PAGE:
He was their God. They knew He was able to save them, but they didn’t really care whether He did or not, because they had committed their worship to Him and Him alone… regardless of whether or not He chose to save them.  

We see the same thing in Mark 9:20-25. This chapter has many lessons on many things, but I want to focus on the part that the Holy Spirit used to teach me this lesson.

This father was really struggling with the same thing that I used to. His son was afflicted by a demon that caused him to thrash about and foam at the mouth, and so far, his son had not been healed. The father said to Jesus, “If You can do anything, take pity on us and help us!”

Jesus saw that the man’s focus was on the wrong thing.  He was focused on whether or not his son would be healed. Jesus brought his focus around by asking, “If you can? All things are possible to him who believes.”

The Holy Spirit pointed out that Jesus was not asking, “Do you or don’t you think I’m actually going to do it?”

See the difference? Maybe the difference isn’t significant to you, but to me, it was a life-changing difference.  Just like Shadrach, Meshach and Abednego, my faith and trust shouldn’t be focused on what might or might not happen. Jesus was saying, “Do you or don’t you believe that I am able to do this?” Another way of putting it might be to say, “Stop thinking about whether or not I’ll do what you want and instead think about who I am!”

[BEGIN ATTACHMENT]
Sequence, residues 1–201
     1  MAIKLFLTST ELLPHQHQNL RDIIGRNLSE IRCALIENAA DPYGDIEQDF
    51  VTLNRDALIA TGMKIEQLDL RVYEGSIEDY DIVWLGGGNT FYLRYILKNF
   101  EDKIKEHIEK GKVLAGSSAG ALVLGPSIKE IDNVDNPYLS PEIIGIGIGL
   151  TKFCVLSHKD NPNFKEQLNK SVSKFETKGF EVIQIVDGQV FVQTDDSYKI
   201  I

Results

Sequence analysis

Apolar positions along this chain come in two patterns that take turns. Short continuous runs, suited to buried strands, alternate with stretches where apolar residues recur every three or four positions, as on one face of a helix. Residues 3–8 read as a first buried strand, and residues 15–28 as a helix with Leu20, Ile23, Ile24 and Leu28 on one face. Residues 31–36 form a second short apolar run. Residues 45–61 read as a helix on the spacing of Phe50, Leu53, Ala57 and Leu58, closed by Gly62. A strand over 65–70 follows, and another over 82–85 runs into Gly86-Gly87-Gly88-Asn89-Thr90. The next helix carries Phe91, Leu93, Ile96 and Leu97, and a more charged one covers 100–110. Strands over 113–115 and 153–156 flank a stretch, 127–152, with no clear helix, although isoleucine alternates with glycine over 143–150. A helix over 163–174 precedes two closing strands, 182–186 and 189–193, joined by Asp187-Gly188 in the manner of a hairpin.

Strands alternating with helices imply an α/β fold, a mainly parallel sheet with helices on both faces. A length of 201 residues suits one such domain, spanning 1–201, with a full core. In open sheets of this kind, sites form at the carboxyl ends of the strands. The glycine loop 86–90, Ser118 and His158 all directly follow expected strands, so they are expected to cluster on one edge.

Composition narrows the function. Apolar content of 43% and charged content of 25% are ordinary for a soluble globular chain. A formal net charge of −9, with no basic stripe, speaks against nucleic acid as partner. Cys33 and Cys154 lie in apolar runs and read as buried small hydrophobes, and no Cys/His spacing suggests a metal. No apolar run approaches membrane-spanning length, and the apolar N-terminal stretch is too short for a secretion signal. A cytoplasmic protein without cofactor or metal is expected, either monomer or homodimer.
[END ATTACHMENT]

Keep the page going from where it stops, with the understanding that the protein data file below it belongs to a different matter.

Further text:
My focus needs to be on who He is.

How did the man talking to Jesus respond? “I do believe; help my unbelief.”

The man made no pretensions at all about his faith or lack thereof. I believe his statement, “I do believe” was nothing more or less than an affirmation that Yes, he did believe that Jesus was able to do it. That much, at least, he was convinced of. Even more importantly, he did not pretend to have the ability to increase his faith on his own. He knew that not only was Jesus the One who could deliver his son, but Jesus was also the One who could help his unbelief.

And so I shifted my focus. I realized that I do not need to know what He will do to trust Him.

But I do have to know Him. 

If I was not fully convinced of His power, then I could not trust Him any more than I could trust some unknown man’s ability to do anything. If I did not truly believe that He has perfect knowledge of how to use that power, then His power might be something to fear… for what if He used that power in the wrong way? And if His love was not perfect and complete and compassionate and unending, then again, how would I possible trust that His knowledge and power would be used in only the way that was best for me?

And so we see that the foundation of trust is who He is.  What He does is always the result of who He is, and my ability to trust Him is dependent upon my revelation and understanding of His nature.

If you feel like your trust is lacking, simply follow the example of the man who turned His focus to the One who is able. “Lord, show me who You are. I want to know You.”

Next Post in the Lessons in Trust series: Trust vs. my tongue: the eternal battle inside of me

23 And Jesus said to him, “‘If You can?’ All things are possible to him who believes.” 
24 Immediately the boy’s father cried out and said, “I do believe; help my unbelief.”
– Mark 9:23-24

Leave a Comment

Your email address will not be published. Required fields are marked *